• Romantic Two-Girl Friendship: At the ending of Mimi's storyarc, she and Totori have shades of this.
  • Royals Who Actually Do Something: Meruru's charm and main point of being. Instead of going by her father's aim of letting the nation get peacefully absorbed into Arland's border, Meruru later wants to use alchemy to bolster Arls condition. Throughout the game, her efforts will be rewarded by the sight of the map becoming crowded with representation of Arls' growth
  • Save Scumming: Oh man. You can save in the alchemy workshop or the World Map, so if something goes wrong or you mess up, it's very easy to just roll things back if you remember to save regularly.
  • Sequel Hook: The DX version adds a scene after the credits, showing a book with a faint silhouette and the words "...and the story continues.", hinting at Atelier Lulua: The Scion of Arland.
  • Sheltered Aristocrat: Gio shows has shades of this. In one of the more comic scenes, he finds Princess Meruru minding a dry goods shop for a friend. One of the things Meruru is selling is carrots, which he doesn't recognize because he's only ever had them cooked and buttered. He offers 100 cole for one, but Meruru says it's way too much and sells it to him for 10 cole... which is still 3 more cole than it's normally sold for to the player at the shop!
  • Shout-Out:
    • Sterk's Gaia Break cut-in to Super Robot Wars Thrudgelmir cut-in.
    • Meruru's Expository Theme Tune, "Alchemy Girl Meruru", sounds exactly like it belongs in a show like Slayers.
  • So Proud of You: Meruru gets this from her father Dessier if she achieves her goals.
  • Spell My Name with an "S": Due to the large carry-over of cast, a number of examples from previous games apply here as well. Two new examples for Meruru, however, are Meruru's father and "the young shop owner" - the former was "Dessie Horstna Arls" (デジエ ホルストナ アールス). As this was a bit feminine for a man, a bit of kana-interpretation alchemy transformed it into Dessier Hahlsner Arls.note  More problematic was the latter, though, as "Fwana/Juana Olsys" (フアナ オルシズ). There've been several ways given of spelling her name and neither really matches the given katakana. NISA ended up saying "pike it" and called her Hanna Olses. An interesting quasi-example is Mimi; in the promotional material for Meruru, she was called "Mimi Houlier von Schwarzlank". This wasn't even consistent with the spelling Gust gave in Japan's version of Atelier Totori. NISA, naturally, opted to keep the spelling consistent between English versions as "Mimi Houllier von Schwarzlang".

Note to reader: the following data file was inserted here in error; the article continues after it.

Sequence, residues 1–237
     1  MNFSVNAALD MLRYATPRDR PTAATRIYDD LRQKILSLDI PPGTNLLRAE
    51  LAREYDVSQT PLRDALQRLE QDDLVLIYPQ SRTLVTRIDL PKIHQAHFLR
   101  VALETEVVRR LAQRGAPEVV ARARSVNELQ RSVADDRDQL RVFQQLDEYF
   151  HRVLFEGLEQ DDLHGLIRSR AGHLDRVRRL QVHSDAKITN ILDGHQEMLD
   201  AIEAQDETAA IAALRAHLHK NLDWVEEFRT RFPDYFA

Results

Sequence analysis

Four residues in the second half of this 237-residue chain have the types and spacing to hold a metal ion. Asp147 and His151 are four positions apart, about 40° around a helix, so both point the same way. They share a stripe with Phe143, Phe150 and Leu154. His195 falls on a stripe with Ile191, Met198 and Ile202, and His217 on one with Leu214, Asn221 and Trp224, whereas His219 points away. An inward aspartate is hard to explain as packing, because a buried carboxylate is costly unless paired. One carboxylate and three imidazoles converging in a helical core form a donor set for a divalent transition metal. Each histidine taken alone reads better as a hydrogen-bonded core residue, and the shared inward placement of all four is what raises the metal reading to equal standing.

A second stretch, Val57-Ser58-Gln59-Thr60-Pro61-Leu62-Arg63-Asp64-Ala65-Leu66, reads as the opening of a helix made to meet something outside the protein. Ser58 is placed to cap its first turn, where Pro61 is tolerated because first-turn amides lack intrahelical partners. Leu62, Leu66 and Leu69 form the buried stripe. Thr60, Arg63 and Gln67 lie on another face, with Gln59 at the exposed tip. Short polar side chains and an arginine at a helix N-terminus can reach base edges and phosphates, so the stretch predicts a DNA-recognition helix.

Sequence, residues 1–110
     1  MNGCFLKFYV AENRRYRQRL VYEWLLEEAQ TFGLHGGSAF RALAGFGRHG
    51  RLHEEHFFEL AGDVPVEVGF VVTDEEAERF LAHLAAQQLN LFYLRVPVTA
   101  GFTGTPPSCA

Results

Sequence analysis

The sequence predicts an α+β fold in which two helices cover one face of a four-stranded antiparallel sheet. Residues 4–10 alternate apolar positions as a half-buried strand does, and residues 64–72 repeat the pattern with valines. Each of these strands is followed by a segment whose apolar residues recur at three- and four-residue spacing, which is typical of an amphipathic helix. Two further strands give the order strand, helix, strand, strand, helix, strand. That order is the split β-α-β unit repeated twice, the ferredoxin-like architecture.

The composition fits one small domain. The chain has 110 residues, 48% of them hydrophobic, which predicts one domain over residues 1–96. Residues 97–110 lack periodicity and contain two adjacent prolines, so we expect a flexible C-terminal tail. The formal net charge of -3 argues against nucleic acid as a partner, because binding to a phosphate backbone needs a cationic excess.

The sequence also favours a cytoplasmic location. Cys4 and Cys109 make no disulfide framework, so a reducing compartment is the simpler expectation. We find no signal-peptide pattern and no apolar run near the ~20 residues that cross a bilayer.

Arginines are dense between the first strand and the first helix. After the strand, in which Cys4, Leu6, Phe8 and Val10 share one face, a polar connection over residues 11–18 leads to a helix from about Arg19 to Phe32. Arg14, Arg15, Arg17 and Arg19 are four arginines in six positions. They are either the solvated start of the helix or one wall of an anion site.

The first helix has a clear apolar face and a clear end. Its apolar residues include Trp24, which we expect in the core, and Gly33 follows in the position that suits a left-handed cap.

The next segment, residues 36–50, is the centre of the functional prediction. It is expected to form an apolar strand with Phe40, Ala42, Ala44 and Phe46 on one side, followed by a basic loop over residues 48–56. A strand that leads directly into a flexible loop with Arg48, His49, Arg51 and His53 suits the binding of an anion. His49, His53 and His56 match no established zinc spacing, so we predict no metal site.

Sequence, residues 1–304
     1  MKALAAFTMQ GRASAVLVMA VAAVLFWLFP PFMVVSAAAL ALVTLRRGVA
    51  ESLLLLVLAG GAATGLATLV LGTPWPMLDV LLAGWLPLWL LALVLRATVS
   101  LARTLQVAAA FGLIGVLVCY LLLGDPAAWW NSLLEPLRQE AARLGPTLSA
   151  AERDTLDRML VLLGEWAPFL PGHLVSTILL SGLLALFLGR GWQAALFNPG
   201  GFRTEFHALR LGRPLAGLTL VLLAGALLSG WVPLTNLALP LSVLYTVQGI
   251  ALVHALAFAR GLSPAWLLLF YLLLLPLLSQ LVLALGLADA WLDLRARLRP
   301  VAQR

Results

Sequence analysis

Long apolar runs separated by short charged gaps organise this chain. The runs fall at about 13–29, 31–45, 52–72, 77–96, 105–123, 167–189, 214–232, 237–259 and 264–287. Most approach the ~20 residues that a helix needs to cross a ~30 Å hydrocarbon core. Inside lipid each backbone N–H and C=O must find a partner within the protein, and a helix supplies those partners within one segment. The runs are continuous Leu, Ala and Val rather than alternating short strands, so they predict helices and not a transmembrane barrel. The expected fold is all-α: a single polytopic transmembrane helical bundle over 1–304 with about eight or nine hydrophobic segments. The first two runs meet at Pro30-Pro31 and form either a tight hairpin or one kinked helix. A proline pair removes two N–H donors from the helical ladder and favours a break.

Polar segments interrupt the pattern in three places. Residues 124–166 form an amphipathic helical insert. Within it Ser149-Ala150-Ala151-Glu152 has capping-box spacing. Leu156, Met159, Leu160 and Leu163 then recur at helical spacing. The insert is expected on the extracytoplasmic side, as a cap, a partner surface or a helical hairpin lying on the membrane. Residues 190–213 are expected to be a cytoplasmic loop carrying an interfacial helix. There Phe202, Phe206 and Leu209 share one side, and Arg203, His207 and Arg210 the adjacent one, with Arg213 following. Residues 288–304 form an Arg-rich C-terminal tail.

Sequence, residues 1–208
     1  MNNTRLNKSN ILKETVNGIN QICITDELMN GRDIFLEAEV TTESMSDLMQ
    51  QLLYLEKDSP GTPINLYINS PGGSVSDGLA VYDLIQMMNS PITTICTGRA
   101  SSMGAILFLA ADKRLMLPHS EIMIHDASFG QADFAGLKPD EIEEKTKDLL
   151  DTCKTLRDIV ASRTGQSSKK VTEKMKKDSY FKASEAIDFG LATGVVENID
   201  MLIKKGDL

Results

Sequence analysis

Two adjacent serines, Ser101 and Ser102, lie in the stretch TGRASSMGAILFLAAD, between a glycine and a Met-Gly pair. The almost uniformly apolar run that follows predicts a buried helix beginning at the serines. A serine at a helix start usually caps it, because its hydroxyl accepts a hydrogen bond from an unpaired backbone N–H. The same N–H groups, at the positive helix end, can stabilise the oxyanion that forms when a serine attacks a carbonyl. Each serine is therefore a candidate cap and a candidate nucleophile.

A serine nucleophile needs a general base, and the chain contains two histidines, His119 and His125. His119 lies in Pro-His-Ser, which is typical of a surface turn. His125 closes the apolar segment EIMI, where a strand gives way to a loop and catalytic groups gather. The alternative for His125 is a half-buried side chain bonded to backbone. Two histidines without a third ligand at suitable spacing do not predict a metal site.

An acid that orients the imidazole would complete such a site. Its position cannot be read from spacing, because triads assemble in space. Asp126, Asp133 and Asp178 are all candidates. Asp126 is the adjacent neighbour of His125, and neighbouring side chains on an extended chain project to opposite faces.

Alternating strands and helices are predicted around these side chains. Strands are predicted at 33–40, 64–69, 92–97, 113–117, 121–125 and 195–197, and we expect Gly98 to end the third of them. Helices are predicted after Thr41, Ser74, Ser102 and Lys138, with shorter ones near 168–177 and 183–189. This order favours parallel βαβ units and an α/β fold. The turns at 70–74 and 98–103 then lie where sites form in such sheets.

• Tall, Dark, and Handsome: Both Rufus and Lias.
  • The One Guy: Male Hom is the only male presence in a workshop that houses four other girls.
  • Third-Person Person: Little Rorona, though it zigzags a bit. (At least in the English language version anyway, maybe or maybe not in the original Japanese.)
  • Tsundere: Lias, though he isn't nearly as bad as Mimi.
  • Unmanly Secret: Rufus and his love of sweets — pies, etc. Meruru has known about it "forever," but that doesn't stop him from trying to hide it anyway.
  • Updated Re-release: Two of them.
    • Atelier Meruru Plus for PlayStation Vita, which comes with all the DLC included, adds a dressing room for Meruru, Totori, and Rorona, a series of superbosses for Makina Domain, new endgame recipes needed to beat the super bosses, and a new ending. There were also some balance changes throughout the game - enough that players used to vanilla need to make sure they're using updated guides for building ultimate gear.
    • Atelier Meruru DX, for PS4, Nintendo Switch, and Steam, part of the Atelier Arland Deluxe Pack or standalone. The game is virtually identical to Plus but also adds the pre-order costumes from Plus in the base game along with a sprinting function and fast-forward function for combat. Two bonus scenes were added to the event viewer that explain the storyline before and after Rorona Plus/DX's Overtime Mode and a Sequel Hook for Lulua was also added to the ending credits.
  • Visual Initiative Queue: The order in which combatants act is shown on the right side of the screen. Depending on the character's speed and the move they make, they will be moved down a certain amount of spaces. Some skills and items also place "time cards" which cause an effect to happen after a delay.
  • When Trees Attack: The Spirit Guardian of the Forest of Ent.
  • Wise Beyond Their Years: Keina is incredibly mature and responsible for a fourteen-year-old.

Alternative Title(s): Atelier Meruru